WASHINGTON (AFP) - Donald Trump named a former Goldman Sachs partner as his new finance chairman on Thursday, as the presumptive Republican nominee seeks to raise US$1 billion (S$1.3 billion) for his November showdown with likely Democratic standardbearer Hillary Clinton.
Steven Mnuchin, chairman and chief executive of private investment firm Dune Capital Management, "brings unprecedented experience and expertise to a fund-raising operation that will benefit the Republican Party and ultimately defeat Hillary Clinton," Trump said in a statement.
The campaign said Mnuchin has previously worked with Trump "in a business capacity."
Trump boasted during much of the primary race that he was self-funding his campaign, and has pumped nearly US$40 million into his presidential bid.
Now that his Republican rivals have dropped out of the race and he has emerged as the all-but-certain nominee, he acknowledged he will need to raise money on a completely different scale for the general election.
"We're going to try and raise over a billion dollars, which is what's going to be necessary," Trump said on Wednesday in an interview with NBC Nightly News.
"I hear the Democrats maybe will get as high as US$2 billion," he said.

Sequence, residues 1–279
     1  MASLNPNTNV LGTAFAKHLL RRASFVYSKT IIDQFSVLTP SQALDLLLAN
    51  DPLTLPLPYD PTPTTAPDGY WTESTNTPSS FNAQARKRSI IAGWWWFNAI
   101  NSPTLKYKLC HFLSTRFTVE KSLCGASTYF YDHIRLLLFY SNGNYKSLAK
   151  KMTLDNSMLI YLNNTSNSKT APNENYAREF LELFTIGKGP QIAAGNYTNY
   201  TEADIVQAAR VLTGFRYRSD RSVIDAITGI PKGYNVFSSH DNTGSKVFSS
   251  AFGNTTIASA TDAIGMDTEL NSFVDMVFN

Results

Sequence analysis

Mnuchin said he aims to "create a world class finance organisation to support the campaign in the general election."
Like Trump himself, Mnuchin has a history of contributing to a mix of Democrats and Republicans.
During the 2000 presidential election, Mnuchin donated to Democrat Al Gore and Republican Steve Forbes, while in 2004 he donated to Democrats John Kerry and John Edwards.according to the Centre for Public Integrity.
Four years later, he contributed to several campaigns including those of Democrats Barack Obama, Clinton, and Bill Richardson, and Republicans Rudy Giuliani and Mitt Romney, while in 2012 he donated to Romney and fellow Republican Tim Pawlenty, according to CPI.
Mnuchin was a longtime partner at Goldman Sachs, a giant Wall Street firm that Trump has criticized on the campaign trail.
In January, after it was revealed that Trump's then-rival Ted Cruz took a low-interest million-dollar loan from the bank, Trump sneered that "Goldman Sachs owns him."
Cruz's wife Heidi Cruz is an executive at the investment bank.
Trump has been steadily beefing up his campaign in recent weeks, after operating for months with scaled down ground operations in several states despite outperforming other candidates.
In April, he brought on seasoned operative Paul Manafort and political veteran Rick Wiley and has said he will now expand his campaign dramatically.
"I have a terrific staff and now obviously we have to build it up, because we'll be going all over the country," Trump said on Wednesday.